Pratham Education Foundation's Learning Camps
Country: India (state of Maharashtra)
Grant Amount: $300,000
Mission: To expand an accelerated learning approach that combines doing, speaking, reading and writing for 18,000 Indian children.
At 8 a.m. in the Indian state of Bihar, 25 children gather in a playing field. A bright yellow banner bearing the Pratham Education Foundation’s logo is prominently rolled out at the site, drawing curious onlookers. A volunteer listens to each child read and uses a simple assessment tool to group children into five levels according to their ability. Over the next six days, the children will participate in structured reading activities and slowly learn to recognize sounds, letters and words.
This group of children is taking part in one of Pratham’s Read India program “learning camps,” which reached close to 2 million children across 17 Indian states in 2011 and 2012. As many as 61,000 volunteers and 52,000 government teachers were trained in the Pratham methodology, which combines speaking, reading and writing in each learning activity so that competencies develop simultaneously.
The Pratham Read India model is unique for a number of reasons. The learning camps, which run for five to 10 days at a stretch, group children according to their current reading achievement level, rather than their school grade or age. Thus, teachers do not have to parcel out their time and attention to children at different levels.
“Designing instructional approaches based on children’s skill level rather than age or grade is essential for helping children break through to reading,” says Penelope Bender, a USAID senior basic education adviser.
Equally important, the model’s simple program can be implemented by less experienced teachers and citizen volunteers from the community. Teachers and students focus on a well-defined, short-term goal that can be achieved before students move to the next level.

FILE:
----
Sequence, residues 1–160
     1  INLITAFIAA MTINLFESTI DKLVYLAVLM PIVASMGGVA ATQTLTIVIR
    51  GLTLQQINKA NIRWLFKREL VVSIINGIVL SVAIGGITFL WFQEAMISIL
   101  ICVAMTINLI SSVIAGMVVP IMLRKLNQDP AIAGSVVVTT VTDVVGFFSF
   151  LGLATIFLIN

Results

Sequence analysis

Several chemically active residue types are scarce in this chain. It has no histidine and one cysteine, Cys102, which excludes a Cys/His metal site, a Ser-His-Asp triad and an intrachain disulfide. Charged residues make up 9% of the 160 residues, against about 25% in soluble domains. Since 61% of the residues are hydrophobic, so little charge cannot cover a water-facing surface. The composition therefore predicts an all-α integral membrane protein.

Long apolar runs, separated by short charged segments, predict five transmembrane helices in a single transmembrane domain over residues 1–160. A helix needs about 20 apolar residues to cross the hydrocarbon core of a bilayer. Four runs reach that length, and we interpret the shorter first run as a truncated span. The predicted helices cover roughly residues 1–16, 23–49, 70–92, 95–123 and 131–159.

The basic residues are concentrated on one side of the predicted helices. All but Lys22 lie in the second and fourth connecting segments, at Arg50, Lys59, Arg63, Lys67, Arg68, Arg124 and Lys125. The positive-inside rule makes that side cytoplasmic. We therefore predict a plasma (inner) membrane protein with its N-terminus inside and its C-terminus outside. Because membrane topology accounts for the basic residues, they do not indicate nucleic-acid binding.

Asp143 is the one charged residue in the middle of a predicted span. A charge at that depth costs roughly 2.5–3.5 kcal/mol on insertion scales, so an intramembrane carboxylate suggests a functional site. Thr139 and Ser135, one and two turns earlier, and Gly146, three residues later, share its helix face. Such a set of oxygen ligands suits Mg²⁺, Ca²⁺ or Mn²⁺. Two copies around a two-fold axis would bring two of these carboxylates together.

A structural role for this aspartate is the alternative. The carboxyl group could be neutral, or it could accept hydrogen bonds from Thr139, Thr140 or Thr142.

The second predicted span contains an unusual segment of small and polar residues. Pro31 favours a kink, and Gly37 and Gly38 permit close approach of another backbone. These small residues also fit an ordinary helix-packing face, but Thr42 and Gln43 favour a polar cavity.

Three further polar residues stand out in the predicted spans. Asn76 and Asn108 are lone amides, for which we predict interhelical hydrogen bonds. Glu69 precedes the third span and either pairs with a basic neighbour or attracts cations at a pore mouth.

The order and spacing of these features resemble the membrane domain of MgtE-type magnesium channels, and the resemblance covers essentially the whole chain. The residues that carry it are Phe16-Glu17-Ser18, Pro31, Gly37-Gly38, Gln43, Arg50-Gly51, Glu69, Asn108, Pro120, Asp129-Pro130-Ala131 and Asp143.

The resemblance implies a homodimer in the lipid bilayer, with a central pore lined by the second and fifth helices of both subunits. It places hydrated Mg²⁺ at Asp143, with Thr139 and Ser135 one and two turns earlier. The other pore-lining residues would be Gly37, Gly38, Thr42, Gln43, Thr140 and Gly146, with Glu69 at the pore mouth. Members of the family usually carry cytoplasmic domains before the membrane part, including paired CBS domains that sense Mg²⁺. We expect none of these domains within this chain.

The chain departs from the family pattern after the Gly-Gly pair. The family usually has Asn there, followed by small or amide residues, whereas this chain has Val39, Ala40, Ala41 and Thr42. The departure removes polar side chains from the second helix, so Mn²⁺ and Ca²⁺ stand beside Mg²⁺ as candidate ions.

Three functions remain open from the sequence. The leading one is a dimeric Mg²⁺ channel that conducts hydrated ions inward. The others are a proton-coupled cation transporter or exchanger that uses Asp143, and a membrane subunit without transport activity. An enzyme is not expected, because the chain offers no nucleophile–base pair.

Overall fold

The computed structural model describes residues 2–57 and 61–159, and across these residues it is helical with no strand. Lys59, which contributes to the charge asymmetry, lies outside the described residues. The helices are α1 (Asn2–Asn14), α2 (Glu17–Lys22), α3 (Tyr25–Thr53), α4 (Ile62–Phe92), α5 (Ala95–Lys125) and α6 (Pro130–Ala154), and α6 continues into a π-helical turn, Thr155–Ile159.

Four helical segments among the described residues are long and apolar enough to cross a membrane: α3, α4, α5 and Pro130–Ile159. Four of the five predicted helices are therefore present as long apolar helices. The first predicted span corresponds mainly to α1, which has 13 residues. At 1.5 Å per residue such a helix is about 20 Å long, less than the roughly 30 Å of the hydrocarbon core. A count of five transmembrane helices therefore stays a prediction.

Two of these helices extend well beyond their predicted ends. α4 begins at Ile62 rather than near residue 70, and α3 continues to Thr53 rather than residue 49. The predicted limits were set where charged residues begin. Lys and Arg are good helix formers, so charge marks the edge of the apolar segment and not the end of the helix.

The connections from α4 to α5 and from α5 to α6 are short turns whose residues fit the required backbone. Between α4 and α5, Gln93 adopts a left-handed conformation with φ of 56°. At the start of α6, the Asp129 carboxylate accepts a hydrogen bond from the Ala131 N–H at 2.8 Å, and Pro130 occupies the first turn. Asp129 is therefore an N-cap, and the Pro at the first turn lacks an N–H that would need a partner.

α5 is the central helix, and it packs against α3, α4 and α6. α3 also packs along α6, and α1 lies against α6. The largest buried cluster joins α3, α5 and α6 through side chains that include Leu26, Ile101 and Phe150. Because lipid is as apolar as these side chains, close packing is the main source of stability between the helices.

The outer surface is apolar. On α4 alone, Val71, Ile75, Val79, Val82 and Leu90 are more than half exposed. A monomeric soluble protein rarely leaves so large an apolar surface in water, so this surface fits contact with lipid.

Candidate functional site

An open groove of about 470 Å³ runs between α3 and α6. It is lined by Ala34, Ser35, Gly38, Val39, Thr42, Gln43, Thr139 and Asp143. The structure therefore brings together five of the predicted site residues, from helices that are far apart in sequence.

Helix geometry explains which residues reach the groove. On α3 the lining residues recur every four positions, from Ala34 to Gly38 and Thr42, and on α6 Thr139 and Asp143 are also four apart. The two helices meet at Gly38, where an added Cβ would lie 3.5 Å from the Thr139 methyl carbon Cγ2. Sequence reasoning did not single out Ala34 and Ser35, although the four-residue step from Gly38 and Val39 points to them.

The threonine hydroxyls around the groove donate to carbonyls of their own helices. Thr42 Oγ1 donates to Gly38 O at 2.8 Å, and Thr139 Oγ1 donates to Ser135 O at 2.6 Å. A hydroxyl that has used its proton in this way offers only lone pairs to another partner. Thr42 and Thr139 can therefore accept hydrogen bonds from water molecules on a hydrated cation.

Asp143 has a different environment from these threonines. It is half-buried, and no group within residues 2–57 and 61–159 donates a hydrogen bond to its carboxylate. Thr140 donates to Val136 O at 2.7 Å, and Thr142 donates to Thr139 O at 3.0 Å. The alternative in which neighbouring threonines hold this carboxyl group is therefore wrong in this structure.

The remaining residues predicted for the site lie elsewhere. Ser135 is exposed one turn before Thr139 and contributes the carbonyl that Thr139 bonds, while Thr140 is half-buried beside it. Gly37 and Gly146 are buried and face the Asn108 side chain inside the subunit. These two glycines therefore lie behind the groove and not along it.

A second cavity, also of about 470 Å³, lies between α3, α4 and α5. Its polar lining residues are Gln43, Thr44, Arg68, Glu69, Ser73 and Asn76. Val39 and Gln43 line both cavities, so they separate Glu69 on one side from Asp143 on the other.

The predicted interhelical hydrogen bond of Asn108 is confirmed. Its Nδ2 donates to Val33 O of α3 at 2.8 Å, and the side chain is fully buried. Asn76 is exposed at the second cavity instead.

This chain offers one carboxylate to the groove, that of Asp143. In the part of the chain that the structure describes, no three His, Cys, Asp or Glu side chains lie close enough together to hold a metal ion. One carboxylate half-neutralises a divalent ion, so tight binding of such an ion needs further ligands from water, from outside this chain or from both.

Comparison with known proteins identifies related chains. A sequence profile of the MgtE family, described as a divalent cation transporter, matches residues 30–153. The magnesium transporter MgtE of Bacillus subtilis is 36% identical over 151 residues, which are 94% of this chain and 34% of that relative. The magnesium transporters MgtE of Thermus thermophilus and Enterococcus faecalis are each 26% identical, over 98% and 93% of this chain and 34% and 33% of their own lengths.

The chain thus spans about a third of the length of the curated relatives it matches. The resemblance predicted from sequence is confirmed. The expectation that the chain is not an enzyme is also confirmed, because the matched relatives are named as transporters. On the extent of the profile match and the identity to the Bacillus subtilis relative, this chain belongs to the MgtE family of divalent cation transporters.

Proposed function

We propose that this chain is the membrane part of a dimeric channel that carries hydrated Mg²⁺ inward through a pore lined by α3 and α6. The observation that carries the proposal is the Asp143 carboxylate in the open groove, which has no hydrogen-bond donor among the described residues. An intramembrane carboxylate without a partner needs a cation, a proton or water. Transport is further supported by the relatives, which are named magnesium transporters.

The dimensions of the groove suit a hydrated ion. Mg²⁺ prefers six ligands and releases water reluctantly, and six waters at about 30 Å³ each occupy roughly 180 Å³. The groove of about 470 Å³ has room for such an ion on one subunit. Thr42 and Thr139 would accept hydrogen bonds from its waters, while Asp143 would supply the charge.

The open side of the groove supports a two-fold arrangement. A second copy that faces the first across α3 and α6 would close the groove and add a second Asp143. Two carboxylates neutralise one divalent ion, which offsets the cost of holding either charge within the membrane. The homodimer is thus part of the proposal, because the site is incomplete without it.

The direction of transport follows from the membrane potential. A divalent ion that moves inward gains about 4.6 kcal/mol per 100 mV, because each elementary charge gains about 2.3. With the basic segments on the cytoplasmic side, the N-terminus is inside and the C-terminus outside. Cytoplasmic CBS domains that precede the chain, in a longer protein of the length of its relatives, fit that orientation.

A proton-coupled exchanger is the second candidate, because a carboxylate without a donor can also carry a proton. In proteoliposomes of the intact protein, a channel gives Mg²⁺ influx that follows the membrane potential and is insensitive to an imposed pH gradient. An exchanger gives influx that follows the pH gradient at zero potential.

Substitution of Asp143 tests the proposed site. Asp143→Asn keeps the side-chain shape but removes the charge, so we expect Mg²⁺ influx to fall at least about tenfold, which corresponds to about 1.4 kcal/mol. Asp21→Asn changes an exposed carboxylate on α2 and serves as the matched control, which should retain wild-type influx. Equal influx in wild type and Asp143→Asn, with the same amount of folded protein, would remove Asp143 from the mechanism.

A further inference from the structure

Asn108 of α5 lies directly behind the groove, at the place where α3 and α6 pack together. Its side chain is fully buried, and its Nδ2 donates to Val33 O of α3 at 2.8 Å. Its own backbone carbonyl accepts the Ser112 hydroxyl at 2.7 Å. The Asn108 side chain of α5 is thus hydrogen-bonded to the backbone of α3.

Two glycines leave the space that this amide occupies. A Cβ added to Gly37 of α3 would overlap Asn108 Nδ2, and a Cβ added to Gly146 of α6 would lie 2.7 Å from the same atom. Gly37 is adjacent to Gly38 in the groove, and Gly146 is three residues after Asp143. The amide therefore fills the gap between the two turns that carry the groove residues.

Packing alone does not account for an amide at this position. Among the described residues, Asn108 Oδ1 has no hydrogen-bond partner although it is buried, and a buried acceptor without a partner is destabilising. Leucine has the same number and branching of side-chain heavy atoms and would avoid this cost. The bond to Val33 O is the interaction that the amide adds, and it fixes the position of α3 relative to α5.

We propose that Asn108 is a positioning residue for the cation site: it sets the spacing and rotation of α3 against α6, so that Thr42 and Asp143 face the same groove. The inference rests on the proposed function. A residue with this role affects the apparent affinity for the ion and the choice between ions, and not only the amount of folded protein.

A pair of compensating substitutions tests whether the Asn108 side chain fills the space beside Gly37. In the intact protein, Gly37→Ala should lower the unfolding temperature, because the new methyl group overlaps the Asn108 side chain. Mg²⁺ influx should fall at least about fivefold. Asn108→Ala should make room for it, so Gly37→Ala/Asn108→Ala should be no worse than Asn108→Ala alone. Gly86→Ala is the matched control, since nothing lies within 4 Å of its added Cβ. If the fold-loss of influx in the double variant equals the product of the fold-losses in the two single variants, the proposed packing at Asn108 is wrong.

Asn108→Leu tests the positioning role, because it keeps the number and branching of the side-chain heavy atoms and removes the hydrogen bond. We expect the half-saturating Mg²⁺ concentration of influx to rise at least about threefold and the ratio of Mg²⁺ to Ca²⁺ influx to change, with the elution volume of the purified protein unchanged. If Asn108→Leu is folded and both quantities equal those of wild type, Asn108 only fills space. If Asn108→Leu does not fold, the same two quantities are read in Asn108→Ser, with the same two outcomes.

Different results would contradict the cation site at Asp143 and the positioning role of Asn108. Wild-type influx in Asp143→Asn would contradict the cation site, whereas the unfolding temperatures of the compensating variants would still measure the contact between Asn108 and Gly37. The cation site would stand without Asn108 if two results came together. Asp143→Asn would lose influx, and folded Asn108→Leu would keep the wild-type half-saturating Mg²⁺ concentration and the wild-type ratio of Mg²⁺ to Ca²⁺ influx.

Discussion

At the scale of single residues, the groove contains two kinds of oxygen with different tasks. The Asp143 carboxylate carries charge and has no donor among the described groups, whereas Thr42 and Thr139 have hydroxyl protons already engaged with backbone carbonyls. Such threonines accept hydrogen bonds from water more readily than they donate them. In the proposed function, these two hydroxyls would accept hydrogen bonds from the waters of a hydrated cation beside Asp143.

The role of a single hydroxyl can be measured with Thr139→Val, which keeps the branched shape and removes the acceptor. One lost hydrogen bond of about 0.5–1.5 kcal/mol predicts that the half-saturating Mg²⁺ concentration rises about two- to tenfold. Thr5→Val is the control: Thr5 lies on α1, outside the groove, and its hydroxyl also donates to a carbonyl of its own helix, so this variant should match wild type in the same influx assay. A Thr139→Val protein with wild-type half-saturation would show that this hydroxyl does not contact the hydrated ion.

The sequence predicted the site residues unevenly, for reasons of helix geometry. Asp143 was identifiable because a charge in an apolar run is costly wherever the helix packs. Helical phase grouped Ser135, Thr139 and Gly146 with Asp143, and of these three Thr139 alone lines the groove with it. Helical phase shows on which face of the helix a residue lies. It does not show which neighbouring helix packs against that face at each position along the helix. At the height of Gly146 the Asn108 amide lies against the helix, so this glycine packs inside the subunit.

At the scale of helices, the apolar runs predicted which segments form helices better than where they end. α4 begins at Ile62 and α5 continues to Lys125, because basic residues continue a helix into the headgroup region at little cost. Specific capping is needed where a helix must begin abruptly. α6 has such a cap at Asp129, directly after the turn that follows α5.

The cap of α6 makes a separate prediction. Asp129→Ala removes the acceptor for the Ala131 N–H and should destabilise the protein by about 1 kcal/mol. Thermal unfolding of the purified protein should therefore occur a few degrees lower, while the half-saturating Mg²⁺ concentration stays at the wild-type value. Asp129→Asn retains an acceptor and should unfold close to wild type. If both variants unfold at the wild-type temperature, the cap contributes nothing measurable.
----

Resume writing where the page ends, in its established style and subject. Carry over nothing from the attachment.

Pratham also employs a community approach to annual education assessments in India. Pratham’s Annual Status of Education Report (ASER, or “impact” in Hindi), the largest household survey of children conducted in India each year, engages ordinary citizens, through local organizations, to assess reading and arithmetic skills across most of India’s 640 districts for students between the ages of 5 and 16. By quantifying India’s literacy problem, Pratham has been able to play a lead role in advocating for change at the national, state, district and village levels.
In September, Pratham received a $300,000 USAID grant as one of 32 winners of the multi-donor All Children Reading Grand Challenge for Development. The award will help scale up Pratham’s Read India efforts in 300 villages in the state of Maharashtra and will also be used to modify the foundation’s assessment instrument to measure advanced reading skills.
From the Slums of Mumbai
Pratham was founded in Mumbai in 1994 to improve educational opportunities for children in Mumbai City who were often left out of India’s education system altogether, or who were in school but lagging behind academically. Pratham developed innovative approaches to providing quality education to the underprivileged.
One such experiment was to recruit balsakhis (or children’s friends) in about 200 public primary schools in the cities of Vadodara (formerly Baroda, in the state of Gujarat) and Mumbai (state of Maharashtra) to work with students who had fallen behind in reading and math. The instruction proved effective: Grade 4 literacy improved, and the children farthest behind benefited the most.
Since 1994, India has made substantial strides towards achieving “Education for All,” the government’s vow, formalized in the Right to Education Law in 2010, that every child has a right to free formal schooling.
Today, more than 95 percent of India’s children between the ages of 6 and 14 are in school. Billions of dollars have been invested by the federal and state governments to build classrooms, recruit teachers, provide school lunches and buy books.